Other Types of Sarcoma

There are other types of soft tissue sarcomas, but they are less commonly encountered and not included in this discussion.

A recently published study, based on the National Cancer Database NCDB of the American College of Surgeons Commission on Cancers, reports the 13-year experience (1998-2010) with 34 of the most commonly encountered soft tissue sarcomas. This report provides a good overview of the US experience with soft tissue sarcomas, including survival curves, the 2- and 5-year survivorship rate, and various demographic data.4

  • 1. National Cancer Institute. NCI Dictionary of Cancer Terms: differentiation. Available at https://www.cancer.gov/publications/dictionaries/cancer-terms?expand=D . Accessed January 28, 2018.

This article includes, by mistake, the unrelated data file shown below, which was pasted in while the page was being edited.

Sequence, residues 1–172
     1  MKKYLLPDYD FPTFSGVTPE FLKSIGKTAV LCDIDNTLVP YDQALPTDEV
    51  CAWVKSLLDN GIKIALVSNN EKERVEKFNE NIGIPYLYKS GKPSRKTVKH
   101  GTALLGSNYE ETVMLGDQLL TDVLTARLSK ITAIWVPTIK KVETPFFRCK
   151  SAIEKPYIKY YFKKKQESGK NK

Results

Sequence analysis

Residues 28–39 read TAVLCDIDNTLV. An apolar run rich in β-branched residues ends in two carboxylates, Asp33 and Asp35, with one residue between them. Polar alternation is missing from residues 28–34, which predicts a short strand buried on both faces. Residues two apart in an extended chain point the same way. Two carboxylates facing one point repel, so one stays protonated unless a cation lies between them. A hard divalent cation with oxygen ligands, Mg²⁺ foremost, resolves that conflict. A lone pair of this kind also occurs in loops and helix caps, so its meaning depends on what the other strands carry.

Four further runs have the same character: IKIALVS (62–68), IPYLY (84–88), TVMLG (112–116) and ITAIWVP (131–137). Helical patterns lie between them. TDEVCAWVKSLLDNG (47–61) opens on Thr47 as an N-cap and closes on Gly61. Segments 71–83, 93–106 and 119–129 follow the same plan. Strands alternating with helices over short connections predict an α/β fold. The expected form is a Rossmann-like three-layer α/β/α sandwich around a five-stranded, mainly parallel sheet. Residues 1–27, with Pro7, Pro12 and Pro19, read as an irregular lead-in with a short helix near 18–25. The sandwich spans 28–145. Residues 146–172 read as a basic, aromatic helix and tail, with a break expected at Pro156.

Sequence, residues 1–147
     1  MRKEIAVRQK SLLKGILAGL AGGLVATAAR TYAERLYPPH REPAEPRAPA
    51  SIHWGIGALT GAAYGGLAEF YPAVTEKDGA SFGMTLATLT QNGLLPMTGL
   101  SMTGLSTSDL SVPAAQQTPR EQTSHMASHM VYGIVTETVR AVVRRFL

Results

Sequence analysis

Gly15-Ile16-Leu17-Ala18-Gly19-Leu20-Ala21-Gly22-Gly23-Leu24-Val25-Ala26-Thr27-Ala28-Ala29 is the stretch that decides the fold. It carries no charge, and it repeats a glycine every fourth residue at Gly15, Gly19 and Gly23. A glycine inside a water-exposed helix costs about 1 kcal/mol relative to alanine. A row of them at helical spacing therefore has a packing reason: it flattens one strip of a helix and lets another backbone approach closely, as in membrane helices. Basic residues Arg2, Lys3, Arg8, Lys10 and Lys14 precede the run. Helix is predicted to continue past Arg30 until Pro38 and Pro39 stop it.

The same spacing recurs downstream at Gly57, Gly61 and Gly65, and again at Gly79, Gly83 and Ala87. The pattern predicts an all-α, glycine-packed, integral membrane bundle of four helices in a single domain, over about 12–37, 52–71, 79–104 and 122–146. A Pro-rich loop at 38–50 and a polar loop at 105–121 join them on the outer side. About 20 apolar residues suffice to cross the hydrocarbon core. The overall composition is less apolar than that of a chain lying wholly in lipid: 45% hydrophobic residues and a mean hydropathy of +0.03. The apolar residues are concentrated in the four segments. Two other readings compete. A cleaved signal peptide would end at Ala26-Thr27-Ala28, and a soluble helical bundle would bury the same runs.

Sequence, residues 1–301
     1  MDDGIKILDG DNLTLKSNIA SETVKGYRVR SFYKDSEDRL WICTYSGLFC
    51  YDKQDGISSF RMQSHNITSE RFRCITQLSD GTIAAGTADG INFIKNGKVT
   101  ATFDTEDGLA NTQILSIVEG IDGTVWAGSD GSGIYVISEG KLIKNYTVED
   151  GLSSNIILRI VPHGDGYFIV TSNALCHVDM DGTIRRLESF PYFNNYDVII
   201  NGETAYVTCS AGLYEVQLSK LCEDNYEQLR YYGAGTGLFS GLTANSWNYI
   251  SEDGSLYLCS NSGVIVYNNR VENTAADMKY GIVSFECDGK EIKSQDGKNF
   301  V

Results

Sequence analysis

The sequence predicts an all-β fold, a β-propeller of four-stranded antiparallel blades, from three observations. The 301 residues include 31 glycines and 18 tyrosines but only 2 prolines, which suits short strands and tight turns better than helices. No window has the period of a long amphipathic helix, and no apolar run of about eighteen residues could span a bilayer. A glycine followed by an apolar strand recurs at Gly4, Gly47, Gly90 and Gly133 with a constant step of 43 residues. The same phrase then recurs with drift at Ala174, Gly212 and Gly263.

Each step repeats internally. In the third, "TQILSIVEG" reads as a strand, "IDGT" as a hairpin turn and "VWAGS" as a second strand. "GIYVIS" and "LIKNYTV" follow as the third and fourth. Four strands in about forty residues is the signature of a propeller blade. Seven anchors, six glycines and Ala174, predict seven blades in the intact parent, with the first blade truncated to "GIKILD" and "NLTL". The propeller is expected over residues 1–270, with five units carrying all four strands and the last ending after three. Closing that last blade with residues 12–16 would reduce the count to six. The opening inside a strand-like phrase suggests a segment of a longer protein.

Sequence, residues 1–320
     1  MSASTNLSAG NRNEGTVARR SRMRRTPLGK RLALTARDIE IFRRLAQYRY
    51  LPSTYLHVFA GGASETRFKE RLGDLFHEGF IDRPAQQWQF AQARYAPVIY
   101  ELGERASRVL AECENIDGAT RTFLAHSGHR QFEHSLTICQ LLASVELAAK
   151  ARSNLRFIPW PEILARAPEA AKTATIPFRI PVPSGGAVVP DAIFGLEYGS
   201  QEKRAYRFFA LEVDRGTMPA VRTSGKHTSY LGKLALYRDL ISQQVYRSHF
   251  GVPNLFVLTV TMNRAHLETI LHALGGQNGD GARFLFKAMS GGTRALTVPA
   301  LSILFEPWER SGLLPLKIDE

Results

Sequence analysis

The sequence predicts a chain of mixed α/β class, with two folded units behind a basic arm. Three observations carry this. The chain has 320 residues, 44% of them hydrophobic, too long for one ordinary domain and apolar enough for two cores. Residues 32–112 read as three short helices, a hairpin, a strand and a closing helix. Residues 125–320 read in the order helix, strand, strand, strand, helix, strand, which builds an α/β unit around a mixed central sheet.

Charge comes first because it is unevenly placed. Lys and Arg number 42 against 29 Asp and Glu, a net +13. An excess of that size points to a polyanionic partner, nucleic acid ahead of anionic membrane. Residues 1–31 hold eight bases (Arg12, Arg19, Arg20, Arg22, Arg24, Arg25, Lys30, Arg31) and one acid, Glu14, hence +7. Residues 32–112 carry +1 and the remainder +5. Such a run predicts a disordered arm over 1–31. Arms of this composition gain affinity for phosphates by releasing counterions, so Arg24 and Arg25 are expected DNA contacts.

• 2. Weiss SW, Goldblum JR, Folpe AL. Enzinger and Weiss's Soft Tissue Tumors. 5th ed., 2008. Mosby, Inc., an affiliate of Elsevier.
  • 3. Weiss SW, Goldblum JR, Folpe AL. “Malignant Mesenchymoma.” Enzinger and Weiss's Soft Tissue Tumors. 5th ed., 2008. Mosby, Inc., an affiliate of Elsevier. PP 1213-14.
  • 4. Corey RM, Swett K, Ward WG. Epidemiology and survivorship of soft tissue sarcomas in adults: a national cancer database report. Cancer Med. 2014 Oct;3(5);1404-15. doi: 10.1002/cam4.288.

Edition: 

  • Fourth Edition